Because great horned owls go into crow roosts at night to take crows for food, we often see bands of American crows chasing and generally harassing owls in the daytime. I have witnessed this several times. The voices of the crows carry the hysterical fear of their nights over into the day. They know it’s possible that owls will come to the crow roost and repeat the ritual.
Mobbing is the customary response of birds to certain predators that pose a threat, such as cats, foxes and large snakes. Presumably this behavior has survival value to the mobbers by drawing attention to the whereabouts of a killer. When owls are discovered, the action that best ensures survival of the local birds seems to be exposing the enemy by mass display, and even chickadees and other small birds can be seen engaged in this activity against small owl species like the saw-whet. Since crows must spend a good part of their day finding and eating food, they eventually lose interest in the owl, and the mobbing response ends.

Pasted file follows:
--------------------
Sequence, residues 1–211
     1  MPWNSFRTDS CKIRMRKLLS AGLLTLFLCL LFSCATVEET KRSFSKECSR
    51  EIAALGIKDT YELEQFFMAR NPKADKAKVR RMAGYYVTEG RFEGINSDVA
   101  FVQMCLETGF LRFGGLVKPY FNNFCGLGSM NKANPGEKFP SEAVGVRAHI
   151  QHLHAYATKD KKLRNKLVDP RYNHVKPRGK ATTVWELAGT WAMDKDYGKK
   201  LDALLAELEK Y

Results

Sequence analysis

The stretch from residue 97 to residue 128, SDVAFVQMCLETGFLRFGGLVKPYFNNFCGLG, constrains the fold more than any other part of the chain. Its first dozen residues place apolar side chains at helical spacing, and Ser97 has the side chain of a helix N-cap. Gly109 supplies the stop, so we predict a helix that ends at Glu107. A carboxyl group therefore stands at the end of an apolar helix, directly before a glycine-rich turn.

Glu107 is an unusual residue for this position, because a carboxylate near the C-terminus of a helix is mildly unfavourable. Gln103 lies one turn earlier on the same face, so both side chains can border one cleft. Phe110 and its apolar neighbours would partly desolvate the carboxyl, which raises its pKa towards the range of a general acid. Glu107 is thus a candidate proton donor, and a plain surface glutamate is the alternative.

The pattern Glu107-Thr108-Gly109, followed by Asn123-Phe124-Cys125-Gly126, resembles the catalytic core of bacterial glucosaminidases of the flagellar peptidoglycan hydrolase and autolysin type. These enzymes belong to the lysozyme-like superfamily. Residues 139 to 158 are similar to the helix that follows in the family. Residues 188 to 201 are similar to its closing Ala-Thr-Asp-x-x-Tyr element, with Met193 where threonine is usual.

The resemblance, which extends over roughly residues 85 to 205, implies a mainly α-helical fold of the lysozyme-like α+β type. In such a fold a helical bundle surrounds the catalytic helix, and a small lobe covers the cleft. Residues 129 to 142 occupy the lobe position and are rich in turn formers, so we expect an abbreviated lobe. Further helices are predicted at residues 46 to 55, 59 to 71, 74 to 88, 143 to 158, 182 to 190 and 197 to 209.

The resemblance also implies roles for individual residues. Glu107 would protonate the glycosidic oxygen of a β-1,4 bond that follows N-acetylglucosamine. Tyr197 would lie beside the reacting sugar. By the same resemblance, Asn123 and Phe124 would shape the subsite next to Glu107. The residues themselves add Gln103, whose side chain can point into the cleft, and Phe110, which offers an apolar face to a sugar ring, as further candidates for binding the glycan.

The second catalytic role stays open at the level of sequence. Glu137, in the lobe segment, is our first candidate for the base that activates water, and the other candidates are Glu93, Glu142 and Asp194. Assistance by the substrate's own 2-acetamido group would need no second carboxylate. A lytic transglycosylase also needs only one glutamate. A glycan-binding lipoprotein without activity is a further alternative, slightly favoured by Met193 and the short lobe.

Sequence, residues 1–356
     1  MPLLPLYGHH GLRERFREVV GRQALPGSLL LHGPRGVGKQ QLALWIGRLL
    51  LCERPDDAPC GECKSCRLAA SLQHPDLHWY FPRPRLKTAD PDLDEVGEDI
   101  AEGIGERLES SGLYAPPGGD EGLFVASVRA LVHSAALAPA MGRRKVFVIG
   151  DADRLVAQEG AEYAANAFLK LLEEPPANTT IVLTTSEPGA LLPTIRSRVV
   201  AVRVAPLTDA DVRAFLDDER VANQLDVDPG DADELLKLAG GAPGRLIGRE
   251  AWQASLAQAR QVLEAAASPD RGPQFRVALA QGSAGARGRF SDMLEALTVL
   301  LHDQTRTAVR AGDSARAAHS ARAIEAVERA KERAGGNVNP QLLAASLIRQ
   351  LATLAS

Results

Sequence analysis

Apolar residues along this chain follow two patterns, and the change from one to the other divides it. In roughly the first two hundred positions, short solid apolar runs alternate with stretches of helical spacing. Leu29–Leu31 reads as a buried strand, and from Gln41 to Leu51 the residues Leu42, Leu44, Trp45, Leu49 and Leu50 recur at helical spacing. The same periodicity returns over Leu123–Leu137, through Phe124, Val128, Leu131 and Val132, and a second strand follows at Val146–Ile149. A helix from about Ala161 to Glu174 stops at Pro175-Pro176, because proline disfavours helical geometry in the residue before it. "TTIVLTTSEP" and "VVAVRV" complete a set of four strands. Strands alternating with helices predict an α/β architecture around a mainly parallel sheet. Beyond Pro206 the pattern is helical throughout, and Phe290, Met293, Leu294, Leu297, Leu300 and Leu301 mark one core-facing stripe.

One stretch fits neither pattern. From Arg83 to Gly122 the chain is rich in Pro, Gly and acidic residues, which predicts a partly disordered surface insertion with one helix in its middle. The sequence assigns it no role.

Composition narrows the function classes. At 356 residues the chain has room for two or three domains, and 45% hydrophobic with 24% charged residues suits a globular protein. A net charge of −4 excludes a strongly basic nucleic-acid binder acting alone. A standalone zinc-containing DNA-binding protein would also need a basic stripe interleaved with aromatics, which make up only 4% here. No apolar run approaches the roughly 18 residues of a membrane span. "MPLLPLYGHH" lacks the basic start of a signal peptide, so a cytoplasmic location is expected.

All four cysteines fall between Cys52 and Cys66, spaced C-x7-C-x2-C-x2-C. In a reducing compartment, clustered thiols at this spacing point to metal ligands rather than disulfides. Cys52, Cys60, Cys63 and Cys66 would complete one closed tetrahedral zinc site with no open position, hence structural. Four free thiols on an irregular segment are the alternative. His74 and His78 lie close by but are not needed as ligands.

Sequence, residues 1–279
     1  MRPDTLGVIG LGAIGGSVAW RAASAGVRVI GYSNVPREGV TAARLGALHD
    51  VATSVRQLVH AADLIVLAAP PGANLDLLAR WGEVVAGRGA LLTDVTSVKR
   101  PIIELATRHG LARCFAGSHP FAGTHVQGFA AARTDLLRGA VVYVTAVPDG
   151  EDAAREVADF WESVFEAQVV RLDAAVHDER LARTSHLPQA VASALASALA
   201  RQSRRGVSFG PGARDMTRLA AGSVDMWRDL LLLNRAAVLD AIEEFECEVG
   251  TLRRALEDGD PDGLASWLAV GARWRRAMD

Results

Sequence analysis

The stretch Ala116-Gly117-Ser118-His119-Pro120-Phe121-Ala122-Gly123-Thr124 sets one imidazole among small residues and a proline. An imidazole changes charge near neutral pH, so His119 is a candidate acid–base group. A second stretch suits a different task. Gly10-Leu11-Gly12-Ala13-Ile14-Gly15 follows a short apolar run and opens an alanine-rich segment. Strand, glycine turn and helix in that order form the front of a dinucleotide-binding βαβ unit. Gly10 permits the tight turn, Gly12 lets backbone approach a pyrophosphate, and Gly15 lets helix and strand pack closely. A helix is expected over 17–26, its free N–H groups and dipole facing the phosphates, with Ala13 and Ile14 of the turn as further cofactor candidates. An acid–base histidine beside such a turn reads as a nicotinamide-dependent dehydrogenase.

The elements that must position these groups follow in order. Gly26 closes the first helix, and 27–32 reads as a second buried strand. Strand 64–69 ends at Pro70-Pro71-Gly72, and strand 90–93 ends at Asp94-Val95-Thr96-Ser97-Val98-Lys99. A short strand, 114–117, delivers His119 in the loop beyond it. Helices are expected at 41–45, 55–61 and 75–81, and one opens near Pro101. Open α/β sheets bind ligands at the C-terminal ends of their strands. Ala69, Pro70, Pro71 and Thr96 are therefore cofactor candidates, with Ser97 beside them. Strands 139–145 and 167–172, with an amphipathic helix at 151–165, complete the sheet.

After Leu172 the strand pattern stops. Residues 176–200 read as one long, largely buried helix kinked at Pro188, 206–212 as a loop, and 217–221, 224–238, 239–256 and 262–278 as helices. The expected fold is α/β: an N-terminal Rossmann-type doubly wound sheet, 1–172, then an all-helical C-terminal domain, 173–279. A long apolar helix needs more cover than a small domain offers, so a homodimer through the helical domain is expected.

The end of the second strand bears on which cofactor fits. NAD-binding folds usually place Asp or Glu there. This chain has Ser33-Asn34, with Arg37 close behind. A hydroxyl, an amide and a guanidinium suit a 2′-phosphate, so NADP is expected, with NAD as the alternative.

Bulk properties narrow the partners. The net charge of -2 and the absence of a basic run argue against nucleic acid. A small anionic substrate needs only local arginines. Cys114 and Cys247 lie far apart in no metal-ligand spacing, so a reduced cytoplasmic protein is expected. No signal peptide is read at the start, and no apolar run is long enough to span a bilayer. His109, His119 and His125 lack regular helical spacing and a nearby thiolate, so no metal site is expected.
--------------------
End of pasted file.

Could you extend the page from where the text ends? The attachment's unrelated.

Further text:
American crows are seen regularly in winter in the southern half of the state. They have a wingspread of about three feet and weigh about a pound. They gather in communal roosts, sometimes containing thousands, no doubt for safety. I know of at least two large roosts in Minneapolis the last couple of winters. Find roosts by watching the direction toward which groups fly in late afternoon or the direction from which they arrive at dawn.
Jim Gilbert taught and worked as a naturalist for 50 years.